News flash: Novell doesn't want to be SCO - who knew?

Novell doesn't want to sue over Linux. That's great news. Now if it would just put its patent agreements where its mouth is.

Wow! Now there's a revelation. I'm not sure how this is news, but LinuxWorld has an article that suggests that, go figure, Novell isn't interested in going down the SCO road. That would be wise. SCO is an also-ran law firm that just ran out of capital to launch its next salvo, whatever it may be telling its customers and shareholders.

My friend and Novell spokesman, Bruce Lowry, declared:

We're not interested in suing people over Unix. We're not even in the Unix business anymore....[Lowry then goes on to suggest that] the cloud has lifted over Linux.

Actually, few of us have spent many sleepless nights thinking about SCO and its spurious claims. Rather, we're more concerned about Novell (and others) saddling up on the Microsoft patent horse.

You've done well, Novell, in defending against SCO, including in the early days when there appeared to be some substance to SCO's claims. Now you can do yourselves, and the industry, one better by embracing open source, and not shackling it to Microsoft's patent claims. Microsoft is a bigger beast than SCO, which makes its claims more harmful to open source than SCO's ever were or could be.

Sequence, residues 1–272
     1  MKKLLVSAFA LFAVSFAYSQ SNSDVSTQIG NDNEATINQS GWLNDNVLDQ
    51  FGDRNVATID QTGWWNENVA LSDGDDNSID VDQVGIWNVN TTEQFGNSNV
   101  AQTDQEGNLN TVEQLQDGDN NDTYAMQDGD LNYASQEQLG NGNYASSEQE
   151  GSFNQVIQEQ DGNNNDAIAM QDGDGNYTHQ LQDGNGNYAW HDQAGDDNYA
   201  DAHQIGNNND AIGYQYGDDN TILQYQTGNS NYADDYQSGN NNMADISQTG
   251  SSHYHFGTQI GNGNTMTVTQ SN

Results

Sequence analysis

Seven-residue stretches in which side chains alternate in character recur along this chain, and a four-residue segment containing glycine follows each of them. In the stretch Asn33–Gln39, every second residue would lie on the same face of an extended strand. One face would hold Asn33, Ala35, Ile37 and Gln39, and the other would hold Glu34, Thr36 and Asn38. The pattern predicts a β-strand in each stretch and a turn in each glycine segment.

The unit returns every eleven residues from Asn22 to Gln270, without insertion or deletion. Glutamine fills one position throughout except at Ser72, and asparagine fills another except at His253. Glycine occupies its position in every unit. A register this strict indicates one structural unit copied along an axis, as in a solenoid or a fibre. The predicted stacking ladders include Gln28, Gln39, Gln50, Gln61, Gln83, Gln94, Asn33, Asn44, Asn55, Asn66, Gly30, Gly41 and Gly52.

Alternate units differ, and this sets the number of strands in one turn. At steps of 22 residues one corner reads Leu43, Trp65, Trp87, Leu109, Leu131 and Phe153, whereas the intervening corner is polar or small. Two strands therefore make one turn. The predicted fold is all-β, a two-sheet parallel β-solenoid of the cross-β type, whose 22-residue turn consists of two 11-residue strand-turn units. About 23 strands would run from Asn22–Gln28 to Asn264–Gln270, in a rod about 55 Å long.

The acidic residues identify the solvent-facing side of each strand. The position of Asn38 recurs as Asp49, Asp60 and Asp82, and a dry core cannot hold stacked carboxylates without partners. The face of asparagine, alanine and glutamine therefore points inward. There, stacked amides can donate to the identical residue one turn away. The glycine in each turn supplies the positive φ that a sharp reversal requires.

I know Ron Hovsepian has declared that the Microsoft patent deal is necessary, but that's wrong. You don't need Microsoft to compete. You need to continue selling value to customers.

As it turns out, customers don't care about patents. They care about the software and support you deliver to them. The US Patent & Trademark Office cares about patents. But they're not giving much money away these days.

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About the author

    Matt Asay is chief operating officer at Canonical, the company behind the Ubuntu Linux operating system. Prior to Canonical, Matt was general manager of the Americas division and vice president of business development at Alfresco, an open-source applications company. Matt brings a decade of in-the-trenches open-source business and legal experience to The Open Road, with an emphasis on emerging open-source business strategies and opportunities. He is a member of the CNET Blog Network and is not an employee of CNET. You can follow Matt on Twitter @mjasay.

     

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